Amgen v. Hoechst Marion Roussel (05-1157 ) - November 22, 2006
(Petition for en banc rehearing denied)
Since the Federal Circuit decided in Cybor Corp v. FAS Techs., Inc., 138 F.3d 1448 (Fed. Cir. 1998) that the construction of patent claim language is a question of law that is reviewed de novo, what originally seemed like a moderately reasonable post-Markman ruling has snowballed into a veritable nightmare for the patent bar. Since appeals on claim construction issues give little to no deference to lower court findings, appeals have practically become crapshoots for litigants. The oft-quoted statistic of 50% reversal rates have made it extremely difficult for litigants to understand their true positions until after the CAFC has spoken.
In Amgen, the appeal surrounded the construction of the term “therapeutically effective amount” of erythropoietin, where the CAFC panel reversed the lower court’s construction based on its interpretation of the specification.
HMR requested for a rehearing en banc but was denied by a fractured CAFC, which issued six separate dissenting and concurring opinions. While Cybor was spared this time around, it is clear the the CAFC has some changes in mind on the issue of claim construction. This case also appears to have the "maiden opinion" of Judge Kimberly Moore (what a way to start off your CAFC career!), who does not appear to be a big fan of Cybor:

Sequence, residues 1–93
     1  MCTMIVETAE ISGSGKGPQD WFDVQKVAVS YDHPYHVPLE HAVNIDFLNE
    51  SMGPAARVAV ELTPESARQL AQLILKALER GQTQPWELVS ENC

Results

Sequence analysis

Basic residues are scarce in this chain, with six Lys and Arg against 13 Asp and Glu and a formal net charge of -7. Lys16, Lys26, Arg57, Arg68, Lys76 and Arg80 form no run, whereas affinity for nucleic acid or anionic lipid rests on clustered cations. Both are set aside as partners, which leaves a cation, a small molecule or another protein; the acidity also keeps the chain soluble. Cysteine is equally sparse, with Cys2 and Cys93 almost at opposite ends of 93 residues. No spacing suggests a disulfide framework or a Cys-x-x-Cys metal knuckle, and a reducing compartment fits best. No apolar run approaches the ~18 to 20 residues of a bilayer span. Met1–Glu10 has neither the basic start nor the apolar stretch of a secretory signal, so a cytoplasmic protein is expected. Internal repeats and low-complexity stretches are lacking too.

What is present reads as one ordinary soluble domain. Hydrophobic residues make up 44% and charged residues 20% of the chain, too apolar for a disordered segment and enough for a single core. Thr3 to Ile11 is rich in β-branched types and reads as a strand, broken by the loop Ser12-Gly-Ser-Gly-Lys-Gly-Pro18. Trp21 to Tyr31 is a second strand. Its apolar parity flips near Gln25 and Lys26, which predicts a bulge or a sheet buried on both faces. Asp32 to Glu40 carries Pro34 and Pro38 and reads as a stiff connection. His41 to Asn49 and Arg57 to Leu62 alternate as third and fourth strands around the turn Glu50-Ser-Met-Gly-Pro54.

Opinions Supporting Denial of En Banc Rehearing:
LOURIE - I concur in the decision of the court not to rehear this case en banc. I do so, even though I agree that the panel erred in construing the claim limitation "a therapeutically effective amount." However, this issue is enbancable only on the uniformity or exceptional importance grounds. In this case, the interpretation of "a therapeutically effective amount" with respect to this particular patent specification seems to me to be case-specific, and it does not therefore raise a question of uniformity of decision or exceptional importance.
GAJARSA, LINN and DYK - We concur in the denial of rehearing en banc. Our concurrence should not be read as an endorsement of Cybor . In an appropriate case we would be willing to reconsider limited aspects of the Cybor decision. In our view an appropriate case would be the atypical case in which the language of the claims, the written description, and the prosecution history on their face did not resolve the question of claim interpretation, and the district court found it necessary to resolve conflicting expert evidence to interpret particular claim terms in the field of the art. This is not such a case.
Opinions Opposing Denial of En Banc Rehearing:
MICHEL and RADER - Four practical problems have emerged under the Markman-Cybor regime: (1) a steadily high reversal rate; (2) a lack of predictability about appellate outcomes, which may confound trial judges and discourage settlements; (3) loss of the comparative advantage often enjoyed by the district judges who heard or read all of the evidence and may have spent more time on the claim constructions than we ever could on appeal; and (4) inundation of our court with the minutia of construing numerous disputed claim terms (in multiple claims and patents) in nearly every patent case . . . I believe the time has come for us to re-examine Cybor's no deference rule. I hope that we will do so at our next opportunity, and I expect we will.